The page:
Small firms voice concerns over Living Wage rises
Uncertain economic conditions should delay the implementation of forthcoming rises to the National Living Wage, small businesses have claimed.
The Federation of Small Businesses has said the change – which will see the wage rise to £8.75 per hour by 2020 – may need to be reconsidered.
The call follows a raft of poor economic data, with the FSB stating that productivity, growth in gross domestic product and real incomes are all falling.
From this, the FSB has suggested that any increases to the wage should be limited to no more than £7.85 next year – a rise of 35p on the current rate.
FSB National Chairman Mike Cherry added: “It’s vital that the National Living Wage is set at a level that the economy can afford, without job losses or harming job creation.”
The FSB adds that small businesses are facing cost pressures and that it would be unfair to expect them to face up to more outlays at a time when the economy is underperforming.
Recommendations on the National Living Wage on whether higher pay rates will be affordable are due from the Low Pay Commission this autumn, with a final decision set to be announced in the Autumn Budget.
According to the FSB, the majority of small businesses already pay above the National Living Wage, but 43% have had to increase pay rates as a result.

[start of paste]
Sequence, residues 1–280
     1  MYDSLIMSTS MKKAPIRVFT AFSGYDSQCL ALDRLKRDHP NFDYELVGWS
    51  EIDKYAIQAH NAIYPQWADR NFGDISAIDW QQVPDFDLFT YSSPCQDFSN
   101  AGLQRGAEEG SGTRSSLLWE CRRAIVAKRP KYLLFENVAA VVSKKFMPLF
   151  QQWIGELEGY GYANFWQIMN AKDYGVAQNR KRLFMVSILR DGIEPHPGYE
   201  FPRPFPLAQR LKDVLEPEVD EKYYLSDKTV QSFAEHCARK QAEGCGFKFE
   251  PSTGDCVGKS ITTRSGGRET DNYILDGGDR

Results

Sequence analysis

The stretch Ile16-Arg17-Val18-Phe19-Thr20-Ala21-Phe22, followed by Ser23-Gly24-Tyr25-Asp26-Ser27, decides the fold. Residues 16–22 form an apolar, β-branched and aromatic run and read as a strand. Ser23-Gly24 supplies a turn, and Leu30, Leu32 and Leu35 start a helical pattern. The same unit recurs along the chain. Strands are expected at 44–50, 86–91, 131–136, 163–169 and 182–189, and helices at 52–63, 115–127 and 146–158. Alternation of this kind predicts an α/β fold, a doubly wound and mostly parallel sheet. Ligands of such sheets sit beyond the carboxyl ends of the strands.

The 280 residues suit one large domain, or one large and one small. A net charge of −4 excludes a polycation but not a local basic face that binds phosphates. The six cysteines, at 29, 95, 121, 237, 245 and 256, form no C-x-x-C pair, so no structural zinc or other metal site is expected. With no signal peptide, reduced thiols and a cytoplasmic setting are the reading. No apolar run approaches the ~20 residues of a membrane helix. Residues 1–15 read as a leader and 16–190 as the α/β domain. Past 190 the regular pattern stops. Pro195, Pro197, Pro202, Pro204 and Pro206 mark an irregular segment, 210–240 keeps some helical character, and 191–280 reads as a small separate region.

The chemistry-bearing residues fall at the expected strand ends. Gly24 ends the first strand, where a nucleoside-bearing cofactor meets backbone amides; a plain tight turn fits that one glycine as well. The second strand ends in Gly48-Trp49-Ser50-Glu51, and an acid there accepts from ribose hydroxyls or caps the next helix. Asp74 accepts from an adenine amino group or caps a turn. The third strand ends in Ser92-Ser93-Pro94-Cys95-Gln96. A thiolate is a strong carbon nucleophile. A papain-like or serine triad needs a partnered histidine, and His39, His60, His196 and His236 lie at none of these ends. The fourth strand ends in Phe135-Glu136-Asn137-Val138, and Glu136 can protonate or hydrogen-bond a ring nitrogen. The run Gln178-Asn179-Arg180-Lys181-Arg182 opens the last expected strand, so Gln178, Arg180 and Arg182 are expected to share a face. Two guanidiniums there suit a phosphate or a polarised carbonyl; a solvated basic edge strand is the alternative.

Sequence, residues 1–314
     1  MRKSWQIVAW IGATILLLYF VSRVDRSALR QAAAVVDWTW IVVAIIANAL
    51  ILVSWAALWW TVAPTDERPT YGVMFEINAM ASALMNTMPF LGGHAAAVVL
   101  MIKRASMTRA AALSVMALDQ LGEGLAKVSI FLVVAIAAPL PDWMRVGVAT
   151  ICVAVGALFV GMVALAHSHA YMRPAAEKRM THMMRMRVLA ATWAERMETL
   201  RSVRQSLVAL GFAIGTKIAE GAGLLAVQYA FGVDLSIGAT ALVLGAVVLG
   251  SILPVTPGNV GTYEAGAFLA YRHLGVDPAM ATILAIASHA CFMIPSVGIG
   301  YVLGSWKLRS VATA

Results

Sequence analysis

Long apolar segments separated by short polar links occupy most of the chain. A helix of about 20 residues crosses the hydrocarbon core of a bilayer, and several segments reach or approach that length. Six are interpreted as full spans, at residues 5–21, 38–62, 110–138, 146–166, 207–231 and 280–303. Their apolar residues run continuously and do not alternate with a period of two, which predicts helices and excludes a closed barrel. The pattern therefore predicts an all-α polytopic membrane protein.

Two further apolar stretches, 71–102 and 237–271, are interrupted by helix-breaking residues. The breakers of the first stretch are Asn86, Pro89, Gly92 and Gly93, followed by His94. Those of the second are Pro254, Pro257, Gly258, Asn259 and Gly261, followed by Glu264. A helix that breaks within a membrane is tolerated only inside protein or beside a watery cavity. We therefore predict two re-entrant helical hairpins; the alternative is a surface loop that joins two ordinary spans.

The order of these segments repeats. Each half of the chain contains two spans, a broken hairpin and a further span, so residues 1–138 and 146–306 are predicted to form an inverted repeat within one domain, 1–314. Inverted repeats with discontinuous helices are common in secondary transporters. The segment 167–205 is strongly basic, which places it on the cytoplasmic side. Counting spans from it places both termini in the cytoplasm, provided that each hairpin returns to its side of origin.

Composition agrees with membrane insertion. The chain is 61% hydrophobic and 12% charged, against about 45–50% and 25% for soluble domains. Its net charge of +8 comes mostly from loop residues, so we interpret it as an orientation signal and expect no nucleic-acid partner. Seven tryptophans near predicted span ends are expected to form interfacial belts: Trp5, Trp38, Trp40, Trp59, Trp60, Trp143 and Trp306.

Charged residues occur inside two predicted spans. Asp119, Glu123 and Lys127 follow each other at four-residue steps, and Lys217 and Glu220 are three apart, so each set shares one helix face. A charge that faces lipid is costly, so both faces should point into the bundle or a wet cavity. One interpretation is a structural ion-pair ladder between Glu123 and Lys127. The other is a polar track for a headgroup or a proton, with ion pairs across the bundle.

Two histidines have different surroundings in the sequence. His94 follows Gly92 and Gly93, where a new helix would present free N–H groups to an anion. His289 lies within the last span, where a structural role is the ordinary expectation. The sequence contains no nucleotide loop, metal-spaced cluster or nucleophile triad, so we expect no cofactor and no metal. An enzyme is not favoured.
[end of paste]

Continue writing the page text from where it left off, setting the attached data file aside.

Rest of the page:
Most of those reported lower profits, while 39% said they had raised their prices in order to cover staff payments, ultimately meaning that consumers lose out.
At the same time, 24% of firms had reduced their investment plans, 22% had scaled down the number of hours worked by their staff, and 19% simply cut their number of hires.
For businesses operating on tight margins, rises to wages can act to limit growth or may even lead to cash flow difficulties when other factors are also considered.
A number of alternative finance options exist to aid companies looking to refinance, while businesses should seek advice and guidance if they believe they are short of options – solutions may exist that were previously not thought about.
The latest calls from the FSB follow the latest Small Business Index, which revealed that operating costs are at their highest level for four years, leaving a number of firms teetering on the verge of insolvency.
By Phil Smith
By Phil Smith